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#81069
Feb 24, 2013
 
PEllen wrote:
<quoted text>They were the organization who objected to having a black opera singer at the Washington Memorial but that was the 1930's. My sisters MIL was a member:she said it was a nice ladies club, but Betty would be 94 if she were alive now.
If you qualify and want to be in a nice ladies club, make sure they have modernized their thoughts and go for it.
I hear you. That's why I was asking. I don't want to belong to anything that would discriminate or think they're better than everyone else. I imagine whatever group someone may join, their can be members who are like that but I'm thinking more in terms of the majority or the groups beliefs.

I think the history side of it is interesting and that's why I would be interested in DAR. Meeting the requirements isn't anything great or bad -- it's something I didn't do I was just born.

“bELieve”

Since: Jun 09

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#81070
Feb 24, 2013
 
Sublime1 wrote:
<quoted text>I don't think that was right of your father.
He had some pretty bad experiences with hypocritical Sunday school teachers and parents why discouraged questions but said that you go to church and follow doctrine "just because", so I don't blame him for his negative reactions to organized religion. He also waited until I was old enough to question authority before he started saying that and I found out that he never said those things to my brothers (who by the way have no desire to belong to an organized religion now, despite also being products of the same catholic high school).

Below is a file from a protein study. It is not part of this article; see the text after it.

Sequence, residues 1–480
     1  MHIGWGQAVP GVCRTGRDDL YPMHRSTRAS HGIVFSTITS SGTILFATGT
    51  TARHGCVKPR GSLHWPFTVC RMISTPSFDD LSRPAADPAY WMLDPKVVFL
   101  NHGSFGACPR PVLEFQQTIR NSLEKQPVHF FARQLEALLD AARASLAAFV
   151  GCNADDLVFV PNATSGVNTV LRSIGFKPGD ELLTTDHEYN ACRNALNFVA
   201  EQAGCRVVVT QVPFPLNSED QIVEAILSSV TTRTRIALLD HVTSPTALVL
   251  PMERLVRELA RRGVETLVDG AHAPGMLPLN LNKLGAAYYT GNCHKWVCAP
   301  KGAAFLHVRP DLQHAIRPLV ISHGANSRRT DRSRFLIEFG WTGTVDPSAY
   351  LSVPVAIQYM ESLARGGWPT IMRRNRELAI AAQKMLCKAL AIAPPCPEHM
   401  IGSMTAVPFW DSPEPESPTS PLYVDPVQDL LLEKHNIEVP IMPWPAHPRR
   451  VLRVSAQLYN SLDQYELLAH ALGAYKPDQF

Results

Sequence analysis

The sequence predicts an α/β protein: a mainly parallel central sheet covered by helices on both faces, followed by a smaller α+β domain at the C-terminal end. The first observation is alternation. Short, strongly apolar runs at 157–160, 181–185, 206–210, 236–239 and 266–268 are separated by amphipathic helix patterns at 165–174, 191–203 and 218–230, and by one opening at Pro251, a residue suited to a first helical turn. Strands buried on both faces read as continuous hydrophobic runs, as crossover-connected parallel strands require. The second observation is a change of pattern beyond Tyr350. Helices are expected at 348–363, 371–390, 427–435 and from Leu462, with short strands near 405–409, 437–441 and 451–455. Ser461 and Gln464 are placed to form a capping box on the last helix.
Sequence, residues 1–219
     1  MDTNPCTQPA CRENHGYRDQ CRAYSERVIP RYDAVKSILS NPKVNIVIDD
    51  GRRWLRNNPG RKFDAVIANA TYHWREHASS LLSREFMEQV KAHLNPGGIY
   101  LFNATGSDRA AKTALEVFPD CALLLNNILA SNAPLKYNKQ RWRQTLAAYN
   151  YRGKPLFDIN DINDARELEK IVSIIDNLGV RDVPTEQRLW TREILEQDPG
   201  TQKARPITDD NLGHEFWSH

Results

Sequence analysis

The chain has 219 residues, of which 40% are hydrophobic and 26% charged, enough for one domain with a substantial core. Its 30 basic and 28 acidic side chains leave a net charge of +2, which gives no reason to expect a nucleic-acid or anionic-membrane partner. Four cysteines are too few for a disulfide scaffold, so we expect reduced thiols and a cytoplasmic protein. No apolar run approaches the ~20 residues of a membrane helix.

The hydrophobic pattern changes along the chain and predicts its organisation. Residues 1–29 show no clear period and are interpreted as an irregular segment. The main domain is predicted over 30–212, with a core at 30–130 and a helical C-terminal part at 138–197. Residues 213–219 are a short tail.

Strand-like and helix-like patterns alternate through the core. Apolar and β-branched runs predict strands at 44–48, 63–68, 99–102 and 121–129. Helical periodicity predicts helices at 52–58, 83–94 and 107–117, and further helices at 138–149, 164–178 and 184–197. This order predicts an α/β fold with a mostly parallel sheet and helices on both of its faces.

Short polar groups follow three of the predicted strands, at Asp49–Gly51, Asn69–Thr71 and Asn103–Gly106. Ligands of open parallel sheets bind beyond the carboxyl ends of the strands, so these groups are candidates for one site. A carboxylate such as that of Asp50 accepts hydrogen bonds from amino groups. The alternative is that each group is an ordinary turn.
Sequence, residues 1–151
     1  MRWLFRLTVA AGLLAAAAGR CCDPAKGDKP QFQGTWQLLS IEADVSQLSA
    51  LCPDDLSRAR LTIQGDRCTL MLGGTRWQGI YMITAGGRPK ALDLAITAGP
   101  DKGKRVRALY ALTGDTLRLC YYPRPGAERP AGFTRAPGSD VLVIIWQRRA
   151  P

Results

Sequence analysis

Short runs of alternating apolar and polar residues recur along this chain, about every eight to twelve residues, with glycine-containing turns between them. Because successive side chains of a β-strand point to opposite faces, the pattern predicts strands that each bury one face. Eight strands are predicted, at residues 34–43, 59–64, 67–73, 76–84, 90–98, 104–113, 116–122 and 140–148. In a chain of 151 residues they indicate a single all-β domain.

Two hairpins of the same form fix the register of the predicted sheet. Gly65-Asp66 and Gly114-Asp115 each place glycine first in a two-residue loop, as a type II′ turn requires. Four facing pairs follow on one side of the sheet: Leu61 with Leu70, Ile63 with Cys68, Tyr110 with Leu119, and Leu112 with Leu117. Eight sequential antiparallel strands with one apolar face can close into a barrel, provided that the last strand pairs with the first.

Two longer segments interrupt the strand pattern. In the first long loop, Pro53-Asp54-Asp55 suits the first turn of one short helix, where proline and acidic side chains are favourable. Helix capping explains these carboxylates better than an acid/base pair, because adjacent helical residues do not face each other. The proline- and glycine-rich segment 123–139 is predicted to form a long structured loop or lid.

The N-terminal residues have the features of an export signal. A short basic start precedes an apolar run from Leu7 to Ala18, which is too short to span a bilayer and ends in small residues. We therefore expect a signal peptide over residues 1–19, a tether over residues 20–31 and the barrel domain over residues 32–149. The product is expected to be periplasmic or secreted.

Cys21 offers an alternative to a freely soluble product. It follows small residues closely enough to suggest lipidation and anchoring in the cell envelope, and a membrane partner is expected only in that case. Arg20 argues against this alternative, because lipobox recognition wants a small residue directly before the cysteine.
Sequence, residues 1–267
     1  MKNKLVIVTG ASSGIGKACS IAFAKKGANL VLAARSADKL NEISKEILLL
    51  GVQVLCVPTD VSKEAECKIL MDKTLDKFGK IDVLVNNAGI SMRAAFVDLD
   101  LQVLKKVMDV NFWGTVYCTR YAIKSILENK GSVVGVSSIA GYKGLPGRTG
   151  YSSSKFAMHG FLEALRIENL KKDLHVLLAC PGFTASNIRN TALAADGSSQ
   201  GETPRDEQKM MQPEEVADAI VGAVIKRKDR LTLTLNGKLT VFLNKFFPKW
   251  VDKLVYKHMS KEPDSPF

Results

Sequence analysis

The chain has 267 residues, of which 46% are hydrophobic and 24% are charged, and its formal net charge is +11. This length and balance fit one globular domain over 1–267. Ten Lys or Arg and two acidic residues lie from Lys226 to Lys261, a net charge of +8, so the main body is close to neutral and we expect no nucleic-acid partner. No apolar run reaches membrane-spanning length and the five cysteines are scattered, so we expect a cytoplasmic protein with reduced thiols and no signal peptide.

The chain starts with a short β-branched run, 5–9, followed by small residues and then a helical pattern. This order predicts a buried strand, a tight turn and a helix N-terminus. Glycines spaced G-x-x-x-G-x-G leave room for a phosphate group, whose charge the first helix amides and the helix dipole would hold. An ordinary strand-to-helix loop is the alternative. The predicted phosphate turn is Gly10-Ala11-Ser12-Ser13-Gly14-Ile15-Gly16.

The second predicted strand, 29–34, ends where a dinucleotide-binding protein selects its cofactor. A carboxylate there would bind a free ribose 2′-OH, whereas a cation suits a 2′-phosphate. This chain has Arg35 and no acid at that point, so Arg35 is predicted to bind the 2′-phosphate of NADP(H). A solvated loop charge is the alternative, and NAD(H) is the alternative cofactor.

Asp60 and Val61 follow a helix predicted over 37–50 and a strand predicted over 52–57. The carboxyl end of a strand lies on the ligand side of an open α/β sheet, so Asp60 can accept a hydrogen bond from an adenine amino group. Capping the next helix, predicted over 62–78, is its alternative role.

Toj

“Equality”

Since: Jul 12

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#81071
Feb 24, 2013
 
Sublime1 wrote:
<quoted text>
Choosing to be apart of a group for support or community as Jess said is at least logical.
It has no bearing on truth or even faith, however. It can also be detrimental to the pursuit of truth and seeking the true path to god, if that is something you believe in. This is so, just because you receive support or have a sense of community in your church this has no bearing on whether you are worshipping a true god or are conforming to god's wishes.
Should religion be about making yourself feel good or about salvation? If it's about making yourself feel good, then it's not really any different than any of the myriad of substances or activities that can do the same.
Personally, choices such as religion is about whatever the person wants to make it about. It's a personal choice and whether they choose to dive into research about it, what they get out of it, etc. is their perogative and I wouldn't question it. I don't think I have a right to question them.

To ask someone about their religion or why they are in it and what it's about to gain knowledge about that religion would be showing an interest and I see no problem with that.